She ignored threats against her life and never regretted her decision to continue the fight for labour rights.

One night in December 2008, Konstantina Kouneva was attacked by two men while walking back home in downtown Athens. They threw sulfuric acid on her face and forced her to drink the rest in what could have been a fatal attack.”

What was her crime? Protesting for decent working conditions.  People need to realize the coercive power capital holds and guard against it regaining the sort of destructive influence observed in Greece.

“This doesn’t change the significance of the cleaners’ story: Fired from governmental institutions some of these women will be hired back at half of their original salaries, no insurance in some cases, and incapable to fight employer blackmail as employees.

This is what the austerity programme is all about.

A lot has been written about the high unemployment figures in Greece due to the crisis but there’s another aspect that affects the working population. Salaries drop, conditions worsen and the negotiating power of workers is annihilated.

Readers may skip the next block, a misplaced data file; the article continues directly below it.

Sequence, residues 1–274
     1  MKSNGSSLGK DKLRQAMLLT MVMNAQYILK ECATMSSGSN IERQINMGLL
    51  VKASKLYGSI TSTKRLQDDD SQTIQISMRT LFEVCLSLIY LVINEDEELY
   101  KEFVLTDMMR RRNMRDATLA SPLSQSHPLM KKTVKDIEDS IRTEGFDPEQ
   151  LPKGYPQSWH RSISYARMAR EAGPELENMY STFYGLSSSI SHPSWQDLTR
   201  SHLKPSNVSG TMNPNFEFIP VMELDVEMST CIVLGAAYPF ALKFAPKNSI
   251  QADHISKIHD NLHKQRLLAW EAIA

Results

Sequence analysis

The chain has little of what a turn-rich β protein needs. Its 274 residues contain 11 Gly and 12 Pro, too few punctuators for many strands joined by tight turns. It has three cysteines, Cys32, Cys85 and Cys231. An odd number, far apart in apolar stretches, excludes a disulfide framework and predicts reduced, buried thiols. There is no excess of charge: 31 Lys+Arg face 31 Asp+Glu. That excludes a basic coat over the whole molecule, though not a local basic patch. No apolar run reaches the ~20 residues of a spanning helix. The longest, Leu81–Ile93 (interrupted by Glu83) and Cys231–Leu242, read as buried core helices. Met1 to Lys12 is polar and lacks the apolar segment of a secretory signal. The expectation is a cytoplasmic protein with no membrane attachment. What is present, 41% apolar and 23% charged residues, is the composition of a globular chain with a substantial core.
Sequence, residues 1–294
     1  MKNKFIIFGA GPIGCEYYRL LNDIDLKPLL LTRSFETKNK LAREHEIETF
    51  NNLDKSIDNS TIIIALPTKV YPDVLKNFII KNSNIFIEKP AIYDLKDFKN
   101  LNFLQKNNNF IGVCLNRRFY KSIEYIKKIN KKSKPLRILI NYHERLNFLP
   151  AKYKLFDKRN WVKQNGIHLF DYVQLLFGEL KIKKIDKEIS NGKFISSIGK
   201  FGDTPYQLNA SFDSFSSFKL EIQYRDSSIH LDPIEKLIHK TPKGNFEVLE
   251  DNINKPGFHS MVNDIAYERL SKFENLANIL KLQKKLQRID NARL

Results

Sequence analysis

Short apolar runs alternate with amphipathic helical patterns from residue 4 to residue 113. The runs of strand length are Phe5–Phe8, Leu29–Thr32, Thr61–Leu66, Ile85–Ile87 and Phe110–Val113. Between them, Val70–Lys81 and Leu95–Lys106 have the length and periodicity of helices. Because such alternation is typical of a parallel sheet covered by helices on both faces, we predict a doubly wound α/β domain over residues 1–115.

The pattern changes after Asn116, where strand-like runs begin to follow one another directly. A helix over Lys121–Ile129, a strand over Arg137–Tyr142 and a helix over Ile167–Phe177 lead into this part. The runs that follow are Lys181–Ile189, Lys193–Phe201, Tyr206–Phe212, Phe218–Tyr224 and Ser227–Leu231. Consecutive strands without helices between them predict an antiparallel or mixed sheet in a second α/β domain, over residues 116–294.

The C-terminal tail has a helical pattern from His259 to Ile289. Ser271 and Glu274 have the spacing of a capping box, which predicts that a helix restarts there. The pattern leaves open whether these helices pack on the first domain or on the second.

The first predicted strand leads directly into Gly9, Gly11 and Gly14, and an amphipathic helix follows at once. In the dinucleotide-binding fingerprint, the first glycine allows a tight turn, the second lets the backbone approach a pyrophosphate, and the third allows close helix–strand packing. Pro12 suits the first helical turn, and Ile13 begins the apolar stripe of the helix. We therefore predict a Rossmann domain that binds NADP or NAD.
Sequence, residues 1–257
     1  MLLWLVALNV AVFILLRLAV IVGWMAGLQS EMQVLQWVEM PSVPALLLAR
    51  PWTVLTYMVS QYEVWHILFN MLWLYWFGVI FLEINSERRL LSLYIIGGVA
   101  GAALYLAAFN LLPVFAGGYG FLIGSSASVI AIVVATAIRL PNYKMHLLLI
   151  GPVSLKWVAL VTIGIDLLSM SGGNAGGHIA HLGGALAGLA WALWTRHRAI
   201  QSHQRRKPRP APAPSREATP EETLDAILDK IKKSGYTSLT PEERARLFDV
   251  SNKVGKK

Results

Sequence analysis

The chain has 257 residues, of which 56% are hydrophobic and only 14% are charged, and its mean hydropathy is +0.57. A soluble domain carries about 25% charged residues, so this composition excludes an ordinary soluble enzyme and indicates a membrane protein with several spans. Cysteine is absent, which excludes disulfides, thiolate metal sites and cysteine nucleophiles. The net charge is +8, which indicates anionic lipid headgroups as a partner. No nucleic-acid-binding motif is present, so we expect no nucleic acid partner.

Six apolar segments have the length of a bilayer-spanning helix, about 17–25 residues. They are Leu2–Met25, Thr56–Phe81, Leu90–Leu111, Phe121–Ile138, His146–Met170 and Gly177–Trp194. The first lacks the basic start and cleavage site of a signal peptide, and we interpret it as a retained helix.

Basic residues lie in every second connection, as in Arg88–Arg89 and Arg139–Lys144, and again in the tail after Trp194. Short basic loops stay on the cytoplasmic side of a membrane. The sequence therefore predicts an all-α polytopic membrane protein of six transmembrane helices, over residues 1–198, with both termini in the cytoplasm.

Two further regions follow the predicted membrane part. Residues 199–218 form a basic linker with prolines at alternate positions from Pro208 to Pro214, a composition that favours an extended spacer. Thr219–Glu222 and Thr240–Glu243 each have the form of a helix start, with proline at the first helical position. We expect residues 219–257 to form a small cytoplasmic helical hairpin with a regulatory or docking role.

500 women are continuing the struggle Konstantina Kouneva paid for with her health, fighting hard to keep the gates that lead to the precarious underclass, closed .

Despite the fact that they have already won their litigation against the Greek state, they are being constantly attacked by conservative politicians, the mainstream media, and riot police. Just recently they were brutally beaten again while trying to reach the finance ministry and demonstrate for, yet another day.”

People fighting for their lives while conservatives, the media and of course the police try to crush them.  This was commonplace here in North America not long ago and the conservative capitalist forces of today are doing their very best to erase the memory of workers popular struggle so they can continue to chip away at the hard fought rights and benefits we enjoy today.